Next Thursday, the Vatican is going to release its latest encyclical – a 192 page document entitled “Laudato Si: On the care of the common home” (source: BBC News). The text just got leaked, and it confirms that Pope Francis is going to call for “swift action to protect the Earth and fight global warming”.
Well, better late than never, you might be thinking. After all, it’s 25 years now since the world’s leading scientists and politicians gathered in Rio and formally recognized that human-caused climate change was not only real, but posed a serious threat (the UN Framework on Climate Change).
But, surprisingly, the ramparts of climate change denial are to a large extent manned by religious people. For example, in a paper due to be published soon in Social Science Quarterly, Matthew Arbuckle (University of Cincinnati) and David Konisky (Georgetown University) have revealed widespread scepticism about climate change among religious people.
Using data from a survey of 55,400 Americans back in 2010, they found that people identifying with a religion were significantly less likely than those with no religion to think that climate change is a serious problem that requires immediate action. They were also more likely to think that protecting jobs is more important than protecting the environment.
Not all religious traditions were the same. The Protestants were worse than the Catholics, and the Jews actually were more concerned about climate change than the non-religious (although not at the expense of jobs!).
The more religious they were, the more opposed they were to climate action. And the group most opposed were the evangelical Christians.Why should religion be linked with anti-environmental attitudes? At first sight, it seems extraordinary.
One suggestion is that Judaeo-Christian traditions preach a worldview centered upon man’s dominion over nature. It’s an idea that’s been around a long time. Here’s Arbuckle & Konisky to explain:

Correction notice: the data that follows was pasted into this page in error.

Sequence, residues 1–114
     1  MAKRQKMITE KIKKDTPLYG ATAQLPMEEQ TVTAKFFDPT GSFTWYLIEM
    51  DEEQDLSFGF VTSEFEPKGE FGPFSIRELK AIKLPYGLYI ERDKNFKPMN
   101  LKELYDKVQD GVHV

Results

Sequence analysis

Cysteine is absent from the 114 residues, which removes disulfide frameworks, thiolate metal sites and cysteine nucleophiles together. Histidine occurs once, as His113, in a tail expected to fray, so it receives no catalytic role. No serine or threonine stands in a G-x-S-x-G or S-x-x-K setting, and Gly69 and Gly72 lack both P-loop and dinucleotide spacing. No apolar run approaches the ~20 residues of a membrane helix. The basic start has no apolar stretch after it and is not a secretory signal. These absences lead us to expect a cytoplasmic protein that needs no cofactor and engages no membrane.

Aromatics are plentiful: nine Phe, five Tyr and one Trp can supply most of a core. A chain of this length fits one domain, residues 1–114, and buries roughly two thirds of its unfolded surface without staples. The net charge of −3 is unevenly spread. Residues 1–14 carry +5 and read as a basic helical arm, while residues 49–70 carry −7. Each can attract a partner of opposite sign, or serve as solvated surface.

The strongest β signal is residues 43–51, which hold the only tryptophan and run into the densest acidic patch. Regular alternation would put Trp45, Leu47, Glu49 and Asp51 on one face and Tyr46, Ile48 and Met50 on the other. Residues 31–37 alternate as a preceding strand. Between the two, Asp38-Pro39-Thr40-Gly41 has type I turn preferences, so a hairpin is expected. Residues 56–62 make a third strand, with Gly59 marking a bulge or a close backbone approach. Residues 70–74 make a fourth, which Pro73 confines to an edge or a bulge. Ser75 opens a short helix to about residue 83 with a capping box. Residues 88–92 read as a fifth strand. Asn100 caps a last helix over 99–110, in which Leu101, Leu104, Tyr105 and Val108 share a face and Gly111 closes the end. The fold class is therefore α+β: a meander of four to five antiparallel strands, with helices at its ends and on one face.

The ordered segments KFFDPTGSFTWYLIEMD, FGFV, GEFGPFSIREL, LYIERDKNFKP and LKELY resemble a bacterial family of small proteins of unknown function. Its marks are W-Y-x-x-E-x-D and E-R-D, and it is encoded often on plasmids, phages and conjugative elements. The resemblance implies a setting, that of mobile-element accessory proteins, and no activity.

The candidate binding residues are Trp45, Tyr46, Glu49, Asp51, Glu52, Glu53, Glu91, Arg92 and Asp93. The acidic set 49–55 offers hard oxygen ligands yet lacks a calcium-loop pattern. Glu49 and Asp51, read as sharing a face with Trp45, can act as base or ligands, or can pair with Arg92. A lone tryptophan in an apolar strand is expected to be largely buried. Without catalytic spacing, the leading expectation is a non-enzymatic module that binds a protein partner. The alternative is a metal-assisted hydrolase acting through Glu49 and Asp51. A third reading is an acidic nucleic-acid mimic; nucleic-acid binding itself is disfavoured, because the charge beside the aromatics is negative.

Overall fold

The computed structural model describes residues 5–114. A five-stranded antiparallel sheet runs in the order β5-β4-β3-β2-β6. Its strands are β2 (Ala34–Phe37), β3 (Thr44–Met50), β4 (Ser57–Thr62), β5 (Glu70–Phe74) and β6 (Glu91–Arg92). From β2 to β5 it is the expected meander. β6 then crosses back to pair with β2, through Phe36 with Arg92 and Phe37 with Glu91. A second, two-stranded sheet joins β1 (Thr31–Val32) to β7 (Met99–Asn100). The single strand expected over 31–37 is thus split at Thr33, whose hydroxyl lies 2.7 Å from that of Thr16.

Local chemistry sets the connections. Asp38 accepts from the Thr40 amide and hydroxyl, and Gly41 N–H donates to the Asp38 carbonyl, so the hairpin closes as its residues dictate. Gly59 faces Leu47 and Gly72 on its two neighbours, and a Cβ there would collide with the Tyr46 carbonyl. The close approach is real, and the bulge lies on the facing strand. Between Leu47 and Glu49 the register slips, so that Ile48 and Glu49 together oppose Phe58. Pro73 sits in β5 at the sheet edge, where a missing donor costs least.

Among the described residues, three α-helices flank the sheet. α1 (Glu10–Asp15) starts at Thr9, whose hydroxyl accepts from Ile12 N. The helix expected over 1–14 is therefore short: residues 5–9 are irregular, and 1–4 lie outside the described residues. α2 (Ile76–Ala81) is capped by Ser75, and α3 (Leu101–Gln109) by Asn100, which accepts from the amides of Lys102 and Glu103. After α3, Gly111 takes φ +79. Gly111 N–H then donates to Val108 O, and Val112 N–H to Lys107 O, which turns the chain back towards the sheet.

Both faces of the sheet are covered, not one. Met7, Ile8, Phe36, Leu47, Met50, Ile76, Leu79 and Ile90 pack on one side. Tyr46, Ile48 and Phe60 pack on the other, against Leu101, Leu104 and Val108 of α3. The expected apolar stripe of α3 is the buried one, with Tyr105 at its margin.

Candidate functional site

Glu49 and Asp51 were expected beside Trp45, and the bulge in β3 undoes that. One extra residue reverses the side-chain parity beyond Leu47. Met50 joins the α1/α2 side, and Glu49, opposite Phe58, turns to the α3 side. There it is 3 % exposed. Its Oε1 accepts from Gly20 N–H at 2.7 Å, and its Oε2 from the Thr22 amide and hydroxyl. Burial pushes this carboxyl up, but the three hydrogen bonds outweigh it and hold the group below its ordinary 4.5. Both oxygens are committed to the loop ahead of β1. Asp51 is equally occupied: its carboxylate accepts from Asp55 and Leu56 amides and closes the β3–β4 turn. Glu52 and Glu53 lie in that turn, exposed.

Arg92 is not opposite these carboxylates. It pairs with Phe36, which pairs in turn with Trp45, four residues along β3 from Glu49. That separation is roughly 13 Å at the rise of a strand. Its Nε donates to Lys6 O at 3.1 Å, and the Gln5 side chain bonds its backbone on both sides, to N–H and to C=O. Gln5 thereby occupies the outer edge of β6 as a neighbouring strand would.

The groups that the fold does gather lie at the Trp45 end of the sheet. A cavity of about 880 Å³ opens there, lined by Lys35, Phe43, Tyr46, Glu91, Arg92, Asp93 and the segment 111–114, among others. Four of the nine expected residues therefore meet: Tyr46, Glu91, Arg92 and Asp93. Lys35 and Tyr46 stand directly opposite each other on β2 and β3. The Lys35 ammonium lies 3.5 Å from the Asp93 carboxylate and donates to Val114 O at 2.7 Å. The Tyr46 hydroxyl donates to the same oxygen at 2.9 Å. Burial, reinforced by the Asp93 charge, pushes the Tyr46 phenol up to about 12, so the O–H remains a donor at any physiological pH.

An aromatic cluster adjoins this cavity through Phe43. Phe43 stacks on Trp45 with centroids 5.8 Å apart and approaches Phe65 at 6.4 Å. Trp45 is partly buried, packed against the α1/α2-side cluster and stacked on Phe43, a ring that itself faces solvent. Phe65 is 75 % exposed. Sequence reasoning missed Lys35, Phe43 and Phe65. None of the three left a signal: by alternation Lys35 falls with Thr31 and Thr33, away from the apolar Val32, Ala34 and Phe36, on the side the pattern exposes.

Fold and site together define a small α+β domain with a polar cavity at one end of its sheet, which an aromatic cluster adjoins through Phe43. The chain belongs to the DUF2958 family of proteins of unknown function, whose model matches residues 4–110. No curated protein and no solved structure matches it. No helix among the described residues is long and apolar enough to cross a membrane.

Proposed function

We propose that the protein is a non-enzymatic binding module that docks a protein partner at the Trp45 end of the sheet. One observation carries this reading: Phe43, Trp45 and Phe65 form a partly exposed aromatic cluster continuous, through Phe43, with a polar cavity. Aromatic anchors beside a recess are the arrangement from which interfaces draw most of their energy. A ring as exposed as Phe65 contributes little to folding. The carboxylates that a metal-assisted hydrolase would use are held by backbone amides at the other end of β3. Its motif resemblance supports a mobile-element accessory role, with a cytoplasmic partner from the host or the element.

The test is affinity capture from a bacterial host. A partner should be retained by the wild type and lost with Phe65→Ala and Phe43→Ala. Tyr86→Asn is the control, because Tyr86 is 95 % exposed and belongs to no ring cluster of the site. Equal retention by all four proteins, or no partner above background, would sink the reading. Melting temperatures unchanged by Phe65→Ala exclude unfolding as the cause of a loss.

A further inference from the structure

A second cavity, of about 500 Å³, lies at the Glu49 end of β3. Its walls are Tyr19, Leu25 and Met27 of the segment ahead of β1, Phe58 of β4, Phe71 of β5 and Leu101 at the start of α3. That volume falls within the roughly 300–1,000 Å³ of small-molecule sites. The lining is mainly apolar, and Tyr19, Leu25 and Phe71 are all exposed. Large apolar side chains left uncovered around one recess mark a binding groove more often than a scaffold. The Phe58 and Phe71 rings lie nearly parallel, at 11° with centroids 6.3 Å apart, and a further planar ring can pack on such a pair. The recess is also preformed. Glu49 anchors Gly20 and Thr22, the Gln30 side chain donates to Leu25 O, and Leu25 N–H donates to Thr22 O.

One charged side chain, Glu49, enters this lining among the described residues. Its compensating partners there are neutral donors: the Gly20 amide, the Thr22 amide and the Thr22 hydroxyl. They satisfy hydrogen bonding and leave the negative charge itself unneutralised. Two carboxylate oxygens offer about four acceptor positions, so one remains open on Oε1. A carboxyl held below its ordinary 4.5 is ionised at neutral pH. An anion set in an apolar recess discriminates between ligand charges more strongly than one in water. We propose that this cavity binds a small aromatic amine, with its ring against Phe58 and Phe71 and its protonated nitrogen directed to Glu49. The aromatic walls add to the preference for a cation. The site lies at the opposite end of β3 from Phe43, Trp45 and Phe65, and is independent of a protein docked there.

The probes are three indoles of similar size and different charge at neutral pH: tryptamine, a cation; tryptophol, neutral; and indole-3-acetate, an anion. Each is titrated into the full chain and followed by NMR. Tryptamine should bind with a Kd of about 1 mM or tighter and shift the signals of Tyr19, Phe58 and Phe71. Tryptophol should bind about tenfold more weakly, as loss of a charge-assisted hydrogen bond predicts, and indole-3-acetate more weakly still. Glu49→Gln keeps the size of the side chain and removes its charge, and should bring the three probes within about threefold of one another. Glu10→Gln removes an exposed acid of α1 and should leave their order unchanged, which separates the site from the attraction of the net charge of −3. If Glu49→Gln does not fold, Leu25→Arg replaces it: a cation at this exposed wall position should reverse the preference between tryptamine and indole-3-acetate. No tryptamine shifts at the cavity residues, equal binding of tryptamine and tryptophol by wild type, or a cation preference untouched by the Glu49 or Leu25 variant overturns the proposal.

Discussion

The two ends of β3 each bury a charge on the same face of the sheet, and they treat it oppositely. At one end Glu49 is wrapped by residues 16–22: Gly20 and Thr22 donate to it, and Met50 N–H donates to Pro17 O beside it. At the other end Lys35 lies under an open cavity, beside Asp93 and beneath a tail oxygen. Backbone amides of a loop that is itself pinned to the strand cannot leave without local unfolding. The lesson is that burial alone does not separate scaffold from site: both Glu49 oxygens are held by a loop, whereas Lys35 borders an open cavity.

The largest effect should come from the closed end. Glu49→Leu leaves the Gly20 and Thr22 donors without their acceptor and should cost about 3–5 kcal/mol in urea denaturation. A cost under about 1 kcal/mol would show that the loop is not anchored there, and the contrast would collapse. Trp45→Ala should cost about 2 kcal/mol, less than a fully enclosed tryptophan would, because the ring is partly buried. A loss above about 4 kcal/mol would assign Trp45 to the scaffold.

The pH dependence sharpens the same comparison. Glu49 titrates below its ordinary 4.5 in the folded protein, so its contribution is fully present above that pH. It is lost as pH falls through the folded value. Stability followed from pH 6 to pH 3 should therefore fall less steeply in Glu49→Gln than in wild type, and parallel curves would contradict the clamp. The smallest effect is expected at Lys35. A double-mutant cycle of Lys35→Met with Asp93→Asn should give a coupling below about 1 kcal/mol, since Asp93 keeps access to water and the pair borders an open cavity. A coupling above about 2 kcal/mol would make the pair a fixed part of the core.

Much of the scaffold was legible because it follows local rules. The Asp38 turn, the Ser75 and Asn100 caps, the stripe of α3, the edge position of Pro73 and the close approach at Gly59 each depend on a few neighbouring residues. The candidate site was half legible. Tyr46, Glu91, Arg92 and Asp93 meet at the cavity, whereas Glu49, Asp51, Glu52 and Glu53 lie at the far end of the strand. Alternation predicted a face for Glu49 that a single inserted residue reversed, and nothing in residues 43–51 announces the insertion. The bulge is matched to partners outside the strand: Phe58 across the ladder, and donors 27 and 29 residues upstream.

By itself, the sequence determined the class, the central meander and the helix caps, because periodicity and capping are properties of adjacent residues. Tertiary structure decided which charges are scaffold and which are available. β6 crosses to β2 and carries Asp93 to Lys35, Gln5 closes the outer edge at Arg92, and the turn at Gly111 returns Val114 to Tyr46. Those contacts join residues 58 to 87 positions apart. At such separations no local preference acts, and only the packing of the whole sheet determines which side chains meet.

Nearly a half century ago, the eminent historian Lynn White delivered a now often-cited speech before the American Association for the Advancement of Science on the role of religious thought on environmental concern. In this controversial speech, “The Historical Roots of Our Ecological Crisis,” later published in essay format in Science (White 1967), WhiteWhite argued that the Judeo-Christian belief system negatively affects environmental attitudes by promoting an anthropocentric, “dominion over nature” worldview. White pointed to Christian influence dating as far as the Middle Ages as creating an exploitive attitude toward nature in Western culture, an attitude that was intensified by the technological development of the Industrial Revolution, which he argued contributed to an instrumental rationality and a widespread sense of entitlement over the earth and its resources. His analysis was not merely historical, however. White further posited that this historical Christian influence was an important factor in explaining the ecological crisis of the middle of the 20th Century.
They argue that the reason that evangelicals are the most anti-environmental is that they are also the most literal adherents to the Bible. But you know, I don’t think that can be right.
After all, the Pope has now come out strongly in favour of climate action – and that’s a pretty hefty theological judgment. Maybe you could argue that the Pope is a bit liberal in his Bible reading, but then he’s actually playing catch-up with the Southern Baptist convention, the largest evangelical Protestant group in the USA. Back in 2008, they announced that reducing climate emissions was a Christian duty – citing “the biblical principle of creation stewardship”.
I think something else is going on here.